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Command Prompt Screen Layouts

Command Prompt Screen Layouts

You are probably already familiar with the Command Prompt section of your Windows XP, right? You know, the place in which you can easily access the apparently hidden, underneath layer of your computer, also known as the good ol’ DOS Prompt page. Well, if you’re not sure, let me explain a little. This actually allows many options that can make some surprise changes in the way your Windows XP operates.

Let’s see how you can modify the options that define the way your DOS Command Prompt screen appears on your monitor, shall we?!

First, you can access this handy little fellow, the DOS Prompt screen, by pressing the Start button, choosing All Programs, then Accessories and then finally Command Prompt.

Now, after opening the Command Prompt, the DOS screen will appear on your monitor. It might come up at any place on your screen and it might be a small sized window panel or it could be a complete full screen window. Either way, you might not like the way it looks.

We can’t have that! So, let’s see if there are some ways we can modify the way the Command Prompt window appears on your desktop screen.

Right click anywhere on the top blue colored section to bring up a small white colored options window. Now, what we are concerned with are the two items at the bottom of the panel, which are the Default and the Properties options.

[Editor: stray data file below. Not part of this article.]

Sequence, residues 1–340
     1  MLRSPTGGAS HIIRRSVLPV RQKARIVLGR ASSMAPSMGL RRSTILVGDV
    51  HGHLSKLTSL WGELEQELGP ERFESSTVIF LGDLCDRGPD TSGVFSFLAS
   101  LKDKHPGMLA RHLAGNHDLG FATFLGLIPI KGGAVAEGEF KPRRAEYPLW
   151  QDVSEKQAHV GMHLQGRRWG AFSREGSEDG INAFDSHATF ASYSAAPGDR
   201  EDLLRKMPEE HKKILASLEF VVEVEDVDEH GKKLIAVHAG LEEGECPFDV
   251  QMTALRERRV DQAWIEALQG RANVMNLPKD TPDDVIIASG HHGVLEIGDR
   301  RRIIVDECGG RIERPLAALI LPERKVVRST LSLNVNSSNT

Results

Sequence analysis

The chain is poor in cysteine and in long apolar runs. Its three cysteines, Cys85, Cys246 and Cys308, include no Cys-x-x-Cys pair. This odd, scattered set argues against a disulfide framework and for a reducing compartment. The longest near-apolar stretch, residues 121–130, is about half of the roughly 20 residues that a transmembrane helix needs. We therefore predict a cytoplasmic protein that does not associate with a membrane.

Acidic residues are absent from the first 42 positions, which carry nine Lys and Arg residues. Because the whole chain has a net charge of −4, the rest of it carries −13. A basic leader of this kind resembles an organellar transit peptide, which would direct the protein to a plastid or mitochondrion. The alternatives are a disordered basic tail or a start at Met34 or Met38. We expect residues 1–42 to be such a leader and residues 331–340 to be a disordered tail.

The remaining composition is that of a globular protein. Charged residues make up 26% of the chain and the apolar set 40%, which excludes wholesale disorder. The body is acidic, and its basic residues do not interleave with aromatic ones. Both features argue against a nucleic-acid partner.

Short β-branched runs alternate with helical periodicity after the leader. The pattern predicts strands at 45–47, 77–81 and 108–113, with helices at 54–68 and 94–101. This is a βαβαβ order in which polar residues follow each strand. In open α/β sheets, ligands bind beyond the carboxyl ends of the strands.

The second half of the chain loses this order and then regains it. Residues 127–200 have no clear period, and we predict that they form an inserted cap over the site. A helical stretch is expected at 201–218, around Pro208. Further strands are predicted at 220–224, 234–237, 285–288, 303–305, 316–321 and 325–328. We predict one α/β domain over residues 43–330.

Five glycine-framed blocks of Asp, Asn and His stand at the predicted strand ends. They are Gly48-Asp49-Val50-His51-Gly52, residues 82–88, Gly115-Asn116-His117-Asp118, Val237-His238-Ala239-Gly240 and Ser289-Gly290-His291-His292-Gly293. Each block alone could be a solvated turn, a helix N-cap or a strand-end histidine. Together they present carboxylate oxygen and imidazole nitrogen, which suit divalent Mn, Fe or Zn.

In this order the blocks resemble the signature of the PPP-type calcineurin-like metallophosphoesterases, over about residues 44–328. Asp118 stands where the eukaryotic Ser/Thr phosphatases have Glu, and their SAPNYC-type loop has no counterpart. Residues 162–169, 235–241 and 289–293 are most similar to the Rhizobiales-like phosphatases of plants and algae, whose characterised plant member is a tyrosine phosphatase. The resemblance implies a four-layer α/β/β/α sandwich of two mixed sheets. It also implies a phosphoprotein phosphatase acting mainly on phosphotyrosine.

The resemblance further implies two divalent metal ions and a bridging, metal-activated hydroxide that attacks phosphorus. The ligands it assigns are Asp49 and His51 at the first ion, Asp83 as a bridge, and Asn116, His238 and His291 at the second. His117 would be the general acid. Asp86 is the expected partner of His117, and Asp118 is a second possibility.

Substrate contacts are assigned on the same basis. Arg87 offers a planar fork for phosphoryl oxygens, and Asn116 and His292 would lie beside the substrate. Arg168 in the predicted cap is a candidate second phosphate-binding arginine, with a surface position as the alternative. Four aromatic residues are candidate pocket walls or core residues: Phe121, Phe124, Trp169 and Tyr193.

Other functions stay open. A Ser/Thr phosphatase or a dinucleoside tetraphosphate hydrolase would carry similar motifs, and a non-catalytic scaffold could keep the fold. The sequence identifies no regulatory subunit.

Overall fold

These two are actually very similar to each other in the way they operate. They both bring up the options window, but there’s also a small difference. When you select the Defaults option, all of the changes you made and the modifications you applied to all of your programs and applications will be saved for all your future uses of the Command Prompt window. On the other hand, if you select the Properties option, it allows the changes only to be made to the current, opened window and they will not be saved as the default layout mode.

Now, let’s continue our exploring of the Command Prompt window by selecting the Properties option. After the options window comes up, please select the Layout tab.

As you can see in the image, there are three main modifiable options to be selected. The first one is the Screen Buffer Size, which defines the way you are going to handle the screen size, in width and height. This is based on the push of your system’s memory or RAM. In fact, the larger the numbers, the more memory power your system will use.

In many cases, especially when you open the Command Prompt screen for the first time, you can see some predefined values for the buffer size option selected. This is nice if you trust your system to not increasing the numbers in too high of figures. More numbers mean larger allowable screens, but at the same time, more bytes of your memory are being consumed.

Now, the second option, which is the most useful, actually defines the size of your Command Prompt window. By adding to the numbers or selecting some lower values, not only can you preview the effect on the small window on the left of the panel, but you are also defining the way the panel will appear in your next time using it.

The third option is the one that can be adjusted the way you want it. It works with personalizing your desktop and the items on it, because through the numbers provided, you can define the pixels used for placing the options window to the right or the left, as well as, the height of where it will be located on your screen. You can deselect the checkbox that says “Let system position window” so you can manually modify the values yourself.

So, as we have experienced, there are some easy steps to personalizing the Command Prompt layout options. So, if you’re one who works with the DOS Command Prompt screen quite often, this will help you to view it the way you like the best!

~ Hamid Reza